And now I began to cry. "Kitty, how I would have loved to share my adventures with my mother. She was so young when she died that she didn't see any of my life. It's so hard to know if I have made the right choices, choices my mother would be proud of. I've finally decided that with any choice we both gain and lose. You and I, Old Cat and Jacquie, we all gained something and we all lost something. Maybe the destiny between mothers and daughters is the exchange of these unlived parts." Saying all this through my tears, I once again had that special feeling that transpires when my own life story is being reshaped by its intersection with another woman's story. In that moment I understood that part of conscious choice is the willingness to embrace the paradox of what is gained and what is lost.

And then Kitty, my self-contained Chinese sister, took me in her arms and said with such sweetness, "Your mother would be so proud of you, Gail. I don't want you ever to wonder about that again. And I have an idea. Would you like to meet Old Cat tomorrow? I want you to share your life adventures with my mother." Her impish grin was never more winning.

"My dear Kitty, I would love nothing more than to meet Old Cat."

And so it was that Old Cat, Kitty and I met for tea the next day in one of Beijing's most famous teahouses. Looking out on a Chinese rock garden framed by weeping willows, we sat in an ancient courtyard surrounded by pots of large-petaled pink lotus flowers. Over heaping servings of steamed dumplings Kitty insisted that I tell Old Cat all about my life. As the tiny old Chinese woman dressed in black silk cooled herself off with a sandalwood fan, her daughter's flawless translation wove the story of my childhood, Mom's illness and death during my years in Africa, my hippie days, and right up to my father's death as the crisis that brought my mother alive again.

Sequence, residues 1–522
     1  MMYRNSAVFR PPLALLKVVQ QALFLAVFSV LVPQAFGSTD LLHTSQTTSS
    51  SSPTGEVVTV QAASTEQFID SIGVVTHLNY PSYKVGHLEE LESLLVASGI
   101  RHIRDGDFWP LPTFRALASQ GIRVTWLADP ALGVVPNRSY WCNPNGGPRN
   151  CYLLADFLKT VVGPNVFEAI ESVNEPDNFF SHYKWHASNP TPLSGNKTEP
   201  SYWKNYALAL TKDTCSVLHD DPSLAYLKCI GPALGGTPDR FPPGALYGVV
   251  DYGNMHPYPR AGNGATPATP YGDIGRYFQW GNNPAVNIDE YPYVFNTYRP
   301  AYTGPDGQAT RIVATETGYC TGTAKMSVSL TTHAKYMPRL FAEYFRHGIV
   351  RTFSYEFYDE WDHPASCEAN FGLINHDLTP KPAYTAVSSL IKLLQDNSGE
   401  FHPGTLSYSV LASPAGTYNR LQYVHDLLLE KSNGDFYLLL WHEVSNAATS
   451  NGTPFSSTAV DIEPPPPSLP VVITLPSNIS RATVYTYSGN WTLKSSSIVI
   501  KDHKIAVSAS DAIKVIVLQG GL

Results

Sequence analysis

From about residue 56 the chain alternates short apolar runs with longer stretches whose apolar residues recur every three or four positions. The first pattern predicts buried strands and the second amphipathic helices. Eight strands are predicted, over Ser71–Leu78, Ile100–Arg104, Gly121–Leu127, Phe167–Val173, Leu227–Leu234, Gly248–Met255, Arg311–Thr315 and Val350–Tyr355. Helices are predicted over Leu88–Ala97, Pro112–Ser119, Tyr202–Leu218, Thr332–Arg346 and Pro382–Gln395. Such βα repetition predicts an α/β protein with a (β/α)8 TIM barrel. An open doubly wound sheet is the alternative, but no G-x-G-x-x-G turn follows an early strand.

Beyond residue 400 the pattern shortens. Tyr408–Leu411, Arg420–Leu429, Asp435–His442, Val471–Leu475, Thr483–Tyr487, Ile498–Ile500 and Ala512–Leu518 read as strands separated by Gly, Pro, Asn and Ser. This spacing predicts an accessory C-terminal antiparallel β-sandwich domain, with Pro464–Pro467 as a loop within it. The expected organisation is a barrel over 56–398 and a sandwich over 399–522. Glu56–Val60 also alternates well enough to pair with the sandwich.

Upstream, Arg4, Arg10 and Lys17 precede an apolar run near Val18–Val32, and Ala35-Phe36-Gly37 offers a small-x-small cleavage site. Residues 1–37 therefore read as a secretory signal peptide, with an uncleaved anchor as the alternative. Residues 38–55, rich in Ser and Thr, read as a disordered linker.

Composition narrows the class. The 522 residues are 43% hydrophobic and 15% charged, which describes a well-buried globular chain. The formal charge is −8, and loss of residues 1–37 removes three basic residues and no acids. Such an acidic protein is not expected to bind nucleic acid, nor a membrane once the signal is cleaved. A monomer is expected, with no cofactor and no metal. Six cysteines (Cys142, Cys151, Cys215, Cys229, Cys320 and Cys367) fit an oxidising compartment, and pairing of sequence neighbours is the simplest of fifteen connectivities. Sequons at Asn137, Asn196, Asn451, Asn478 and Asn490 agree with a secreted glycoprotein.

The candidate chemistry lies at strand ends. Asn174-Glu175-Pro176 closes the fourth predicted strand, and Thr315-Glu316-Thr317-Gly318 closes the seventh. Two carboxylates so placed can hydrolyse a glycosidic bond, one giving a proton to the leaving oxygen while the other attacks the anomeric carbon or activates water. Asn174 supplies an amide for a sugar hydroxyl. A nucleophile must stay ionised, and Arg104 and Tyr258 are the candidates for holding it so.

Really all I wanted that afternoon was to lose myself in Old Cat's face, a face that told not only her story but also China's story. She didn't know exactly how old she was but she guessed in her late seventies or early eighties. Looking into her eyes I felt such pain and tender compassion, I saw a treasure map of China's telescopic sense of time and human suffering, informing my young American psyche about fatalism and patience. Encoded in the wisdom of Old Cat's face I saw my Grandma Walsh with nine children; I saw Grammie Straub just after Grandpa Straub's suicide and how strong my father was for his mother; and I saw my mother's dreams intertwined with mine in a double helix, a reconciliation of opposites.

As the bright afternoon faded into early evening dusk, we said our goodbyes and Old Cat reminded me that for the Chinese one of the most important things in life was to honor your ancestors and to show the greatest respect for the history that has come before you. You must honor your mother's memory and you must learn from your past, she told me as her unforgettable visage made a permanent imprint on my heart. At that moment Old Cat became the archetype of China, encapsulating what we had all learned on this trip about time and history, suffering and resilience, individualism and community. Her parting words to me offered not just the wisdom that I needed, but also the wisdom that our youth-obsessed, shortsighted American culture needs. And with her goodbye, Old Cat firmly and tenderly planted the first seed in me to write a book to honor my mother.

* * *

Excerpted with permission from Returning To My Mother's House: Taking Back the Wisdom of the Feminine by Gail Straub, published by High Point Press. Copyright ©2008 by Gail Straub. Please request permission before duplicating or distributing this material.

* * *

GAIL STRAUB is the co-author of the best selling Empowerment: The Art of Creating Your Life As You Want It, and the author of the critically acclaimed The Rhythm of Compassion: Caring For Self, Connecting With Society, as well as Circle of Compassion, a book of meditations. Considered a leading authority on empowerment, she co-directs the Empowerment Institute, a school for transformative leadership. The Institute’s certified graduates from cultures as diverse as Afghanistan, Africa, Russia, and Asia are implementing the empowerment model in education, business, health, hip-hop, and social change. Over the past thirty years she has trained thousands of people worldwide in empowerment, engaged spirituality, and the wisdom of the feminine. Currently she is working on her first novel.

Gail Straub lives with her husband in the Hudson River Valley in New York, and she can be reached at www.returningtomymothershouse.com.